Safeguarding the delivery of pancreatic islets for the treatment of diabetes

DRIVE aims to improve pancreatic islet transplant therapy for diabetes mellitus, a chronic disease characterised by high blood sugar due to a shortage of insulin. Transplant of insulin-producing pancreatic islets purified from donor pancreases can restore tight natural control of blood sugar and eliminate the need for multiple daily injections of insulin, thereby improving patient’s quality of life.

However, despite its proven effectiveness among current treatments for type 1 diabetes, this therapy suffers from poor survival and engraftment of transplanted islets and risks associated with the lifelong immune suppression medication that islet transplant recipients must take.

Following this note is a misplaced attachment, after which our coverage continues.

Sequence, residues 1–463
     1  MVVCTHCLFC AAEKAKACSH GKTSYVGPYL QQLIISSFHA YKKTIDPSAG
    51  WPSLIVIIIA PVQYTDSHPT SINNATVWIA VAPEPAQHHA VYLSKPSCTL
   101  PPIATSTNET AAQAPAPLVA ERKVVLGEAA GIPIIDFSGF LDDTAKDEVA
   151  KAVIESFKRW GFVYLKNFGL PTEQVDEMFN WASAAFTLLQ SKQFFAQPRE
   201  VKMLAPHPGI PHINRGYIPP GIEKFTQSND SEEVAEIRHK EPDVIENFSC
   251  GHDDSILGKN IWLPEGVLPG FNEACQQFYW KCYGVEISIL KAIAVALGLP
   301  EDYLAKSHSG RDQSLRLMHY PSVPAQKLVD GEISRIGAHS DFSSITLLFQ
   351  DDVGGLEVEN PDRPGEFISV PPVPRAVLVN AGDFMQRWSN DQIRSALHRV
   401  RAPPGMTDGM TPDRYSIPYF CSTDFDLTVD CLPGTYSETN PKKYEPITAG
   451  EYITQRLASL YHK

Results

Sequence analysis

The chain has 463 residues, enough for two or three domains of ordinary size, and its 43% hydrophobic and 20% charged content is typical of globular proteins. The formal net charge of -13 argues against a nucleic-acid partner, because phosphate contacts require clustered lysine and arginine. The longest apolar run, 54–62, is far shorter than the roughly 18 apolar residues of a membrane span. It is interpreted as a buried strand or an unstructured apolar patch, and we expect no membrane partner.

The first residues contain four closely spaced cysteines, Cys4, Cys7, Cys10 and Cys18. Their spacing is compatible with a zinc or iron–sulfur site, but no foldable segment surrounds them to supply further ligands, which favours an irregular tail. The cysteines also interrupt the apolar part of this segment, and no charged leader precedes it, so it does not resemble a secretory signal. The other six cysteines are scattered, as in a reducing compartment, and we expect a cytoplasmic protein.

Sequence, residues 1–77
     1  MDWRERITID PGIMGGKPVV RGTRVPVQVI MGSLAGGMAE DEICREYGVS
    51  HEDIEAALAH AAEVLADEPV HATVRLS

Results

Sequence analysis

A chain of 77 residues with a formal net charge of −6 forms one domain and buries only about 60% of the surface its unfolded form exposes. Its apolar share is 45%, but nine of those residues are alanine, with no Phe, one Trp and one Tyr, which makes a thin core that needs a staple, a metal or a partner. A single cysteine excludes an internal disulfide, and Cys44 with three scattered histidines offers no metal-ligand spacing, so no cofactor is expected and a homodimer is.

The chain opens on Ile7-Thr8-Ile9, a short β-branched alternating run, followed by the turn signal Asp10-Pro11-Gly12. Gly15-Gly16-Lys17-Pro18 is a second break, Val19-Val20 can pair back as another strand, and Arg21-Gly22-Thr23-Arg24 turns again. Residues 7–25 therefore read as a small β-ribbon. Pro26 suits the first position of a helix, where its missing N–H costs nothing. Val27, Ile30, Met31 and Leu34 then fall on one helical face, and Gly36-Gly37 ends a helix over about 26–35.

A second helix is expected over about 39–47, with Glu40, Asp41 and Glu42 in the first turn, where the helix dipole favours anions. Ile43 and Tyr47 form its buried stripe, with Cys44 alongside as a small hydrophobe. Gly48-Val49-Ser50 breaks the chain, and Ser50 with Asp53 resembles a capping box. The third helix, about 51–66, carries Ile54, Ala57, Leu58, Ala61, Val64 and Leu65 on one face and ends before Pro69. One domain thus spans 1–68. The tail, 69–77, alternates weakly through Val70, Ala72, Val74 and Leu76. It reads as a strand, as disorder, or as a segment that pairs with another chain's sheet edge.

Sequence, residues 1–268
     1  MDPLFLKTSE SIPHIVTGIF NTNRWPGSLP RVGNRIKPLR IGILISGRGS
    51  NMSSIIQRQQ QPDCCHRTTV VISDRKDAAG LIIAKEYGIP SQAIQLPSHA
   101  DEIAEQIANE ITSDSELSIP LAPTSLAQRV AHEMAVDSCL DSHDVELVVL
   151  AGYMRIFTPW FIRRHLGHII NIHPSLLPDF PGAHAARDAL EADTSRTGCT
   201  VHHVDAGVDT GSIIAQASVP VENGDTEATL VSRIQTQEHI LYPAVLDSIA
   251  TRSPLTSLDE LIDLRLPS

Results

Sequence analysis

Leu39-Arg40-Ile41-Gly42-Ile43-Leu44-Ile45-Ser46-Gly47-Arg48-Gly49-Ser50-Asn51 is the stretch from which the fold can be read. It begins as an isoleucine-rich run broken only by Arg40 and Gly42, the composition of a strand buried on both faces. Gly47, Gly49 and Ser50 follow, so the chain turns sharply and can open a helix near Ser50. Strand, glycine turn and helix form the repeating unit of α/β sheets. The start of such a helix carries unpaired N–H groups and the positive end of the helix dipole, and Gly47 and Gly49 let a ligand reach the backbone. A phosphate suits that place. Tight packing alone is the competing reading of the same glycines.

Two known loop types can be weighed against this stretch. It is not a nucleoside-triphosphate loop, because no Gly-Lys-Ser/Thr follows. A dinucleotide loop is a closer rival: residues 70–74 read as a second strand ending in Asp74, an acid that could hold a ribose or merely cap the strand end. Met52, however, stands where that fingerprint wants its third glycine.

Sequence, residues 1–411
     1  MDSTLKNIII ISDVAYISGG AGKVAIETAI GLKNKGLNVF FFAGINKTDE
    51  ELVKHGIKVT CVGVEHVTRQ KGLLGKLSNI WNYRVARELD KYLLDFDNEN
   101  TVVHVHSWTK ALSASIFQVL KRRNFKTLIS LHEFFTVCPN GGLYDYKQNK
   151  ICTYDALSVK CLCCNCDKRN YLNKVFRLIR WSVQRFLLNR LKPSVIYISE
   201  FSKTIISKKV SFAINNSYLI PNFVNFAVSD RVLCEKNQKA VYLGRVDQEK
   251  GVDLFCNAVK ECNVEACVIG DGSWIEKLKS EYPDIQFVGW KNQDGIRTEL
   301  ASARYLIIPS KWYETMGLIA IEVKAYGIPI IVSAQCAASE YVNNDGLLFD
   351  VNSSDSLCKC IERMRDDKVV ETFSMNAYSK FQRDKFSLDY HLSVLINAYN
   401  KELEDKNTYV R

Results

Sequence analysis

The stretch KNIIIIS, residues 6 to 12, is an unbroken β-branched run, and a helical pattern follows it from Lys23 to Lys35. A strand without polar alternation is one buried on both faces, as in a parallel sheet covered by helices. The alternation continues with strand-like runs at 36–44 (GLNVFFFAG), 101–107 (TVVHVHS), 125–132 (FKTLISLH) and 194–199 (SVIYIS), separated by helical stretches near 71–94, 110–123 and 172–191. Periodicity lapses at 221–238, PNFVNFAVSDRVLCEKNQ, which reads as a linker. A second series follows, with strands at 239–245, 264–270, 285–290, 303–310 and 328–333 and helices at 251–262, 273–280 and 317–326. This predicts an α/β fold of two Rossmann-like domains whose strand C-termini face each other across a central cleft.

These factors limit the use of this therapy to a small percentage of “brittle” type 1 diabetes patients for whom daily insulin injections are not sufficient to control their diabetes.

The DRIVE project aims to develop technologies to dramatically improve the survival and engraftment rate of transplanted islets and forego the need for lifelong immune suppression. DRIVE’s vision is to widen the application of islet transplant therapy to more insulin-dependent diabetes patients (T1D and T2D).

DRIVE is a 4-year project to be carried out by 14 European partners, coordinated by the Royal College of Surgeons in Ireland (RCSI).


 

     This project has received funding from the EU Horizon 2020 research and innovation programme. Grant agreement No 645991